Should the cores of large parsnips always be removed and discarded before cooking?
The core of a parsnip is leathery, but we found a way to lessen its impact in our Roasted Root Vegetables recipe (see related content): cutting the parsnips on the bias into oblong disks before roasting, which shortens their tough center fibers and makes them less noticeable. To find out if the cores should be removed when the parsnips are pureed, we compared cored versus uncored samples in a simple pureed soup. Tasters found the flavor of the cored sample only marginally preferable to the flavor of the uncored batch; some found that the cores contributed a slightly bitter flavor. When it came to texture, however, there was no difference: The cores weren’t noticeable in the soup.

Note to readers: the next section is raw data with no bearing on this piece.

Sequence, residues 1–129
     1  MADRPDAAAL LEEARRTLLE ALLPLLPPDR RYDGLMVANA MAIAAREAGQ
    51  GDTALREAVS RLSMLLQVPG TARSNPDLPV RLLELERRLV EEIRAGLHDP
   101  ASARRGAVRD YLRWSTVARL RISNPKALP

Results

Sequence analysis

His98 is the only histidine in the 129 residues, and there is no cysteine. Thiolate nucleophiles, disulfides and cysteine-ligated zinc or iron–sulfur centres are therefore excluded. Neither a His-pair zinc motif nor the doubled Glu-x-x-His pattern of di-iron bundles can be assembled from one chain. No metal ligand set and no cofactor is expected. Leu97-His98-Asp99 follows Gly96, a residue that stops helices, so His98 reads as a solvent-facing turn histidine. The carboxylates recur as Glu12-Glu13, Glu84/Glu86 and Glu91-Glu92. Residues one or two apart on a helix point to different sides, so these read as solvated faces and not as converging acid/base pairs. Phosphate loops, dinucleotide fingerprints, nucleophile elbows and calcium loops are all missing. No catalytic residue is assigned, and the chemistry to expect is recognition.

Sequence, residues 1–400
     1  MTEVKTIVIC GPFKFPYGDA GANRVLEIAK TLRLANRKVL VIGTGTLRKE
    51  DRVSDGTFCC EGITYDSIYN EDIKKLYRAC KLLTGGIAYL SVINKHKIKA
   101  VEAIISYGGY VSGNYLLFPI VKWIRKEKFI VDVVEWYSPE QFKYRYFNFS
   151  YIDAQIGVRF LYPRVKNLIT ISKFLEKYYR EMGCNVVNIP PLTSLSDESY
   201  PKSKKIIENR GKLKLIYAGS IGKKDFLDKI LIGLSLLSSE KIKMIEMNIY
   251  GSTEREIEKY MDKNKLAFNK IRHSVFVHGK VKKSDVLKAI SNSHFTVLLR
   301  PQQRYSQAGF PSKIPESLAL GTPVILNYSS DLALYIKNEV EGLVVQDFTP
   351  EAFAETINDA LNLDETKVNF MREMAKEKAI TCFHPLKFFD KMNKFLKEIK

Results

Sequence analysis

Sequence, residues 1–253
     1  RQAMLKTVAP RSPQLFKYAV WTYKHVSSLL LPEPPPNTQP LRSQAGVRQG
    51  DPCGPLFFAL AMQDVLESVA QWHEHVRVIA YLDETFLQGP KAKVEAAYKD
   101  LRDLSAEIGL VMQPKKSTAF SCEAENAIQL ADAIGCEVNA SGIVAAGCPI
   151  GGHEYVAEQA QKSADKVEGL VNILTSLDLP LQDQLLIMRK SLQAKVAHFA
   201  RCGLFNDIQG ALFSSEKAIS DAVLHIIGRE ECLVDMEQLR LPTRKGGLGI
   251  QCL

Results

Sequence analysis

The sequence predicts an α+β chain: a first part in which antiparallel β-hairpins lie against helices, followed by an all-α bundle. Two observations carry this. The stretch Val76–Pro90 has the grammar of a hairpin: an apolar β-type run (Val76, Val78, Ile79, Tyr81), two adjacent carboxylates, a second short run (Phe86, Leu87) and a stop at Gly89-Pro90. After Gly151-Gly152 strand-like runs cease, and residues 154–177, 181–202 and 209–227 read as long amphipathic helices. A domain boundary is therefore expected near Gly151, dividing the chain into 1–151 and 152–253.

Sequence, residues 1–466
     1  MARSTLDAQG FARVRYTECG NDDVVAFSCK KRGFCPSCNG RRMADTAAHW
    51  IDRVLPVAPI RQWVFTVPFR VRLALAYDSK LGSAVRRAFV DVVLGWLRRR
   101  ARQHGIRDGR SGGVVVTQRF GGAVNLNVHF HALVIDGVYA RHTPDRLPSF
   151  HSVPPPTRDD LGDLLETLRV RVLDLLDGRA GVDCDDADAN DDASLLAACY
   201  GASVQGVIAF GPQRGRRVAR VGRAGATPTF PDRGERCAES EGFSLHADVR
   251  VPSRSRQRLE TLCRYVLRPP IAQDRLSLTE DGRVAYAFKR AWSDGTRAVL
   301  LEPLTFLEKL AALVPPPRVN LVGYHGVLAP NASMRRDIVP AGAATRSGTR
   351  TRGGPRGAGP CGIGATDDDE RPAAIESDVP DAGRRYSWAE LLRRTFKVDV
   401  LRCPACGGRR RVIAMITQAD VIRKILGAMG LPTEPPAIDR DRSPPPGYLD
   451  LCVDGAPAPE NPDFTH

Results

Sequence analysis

The takeaway? For pureed applications, don’t bother coring parsnips. If you plan to serve parsnips whole and don’t want to cut them on the bias, they’re much more pleasant to eat if you remove the tough, chewy cores before cooking.
HARD CORE: Tough parsnip cores should be removed before roasting but aren’t noticeable in pureed applications.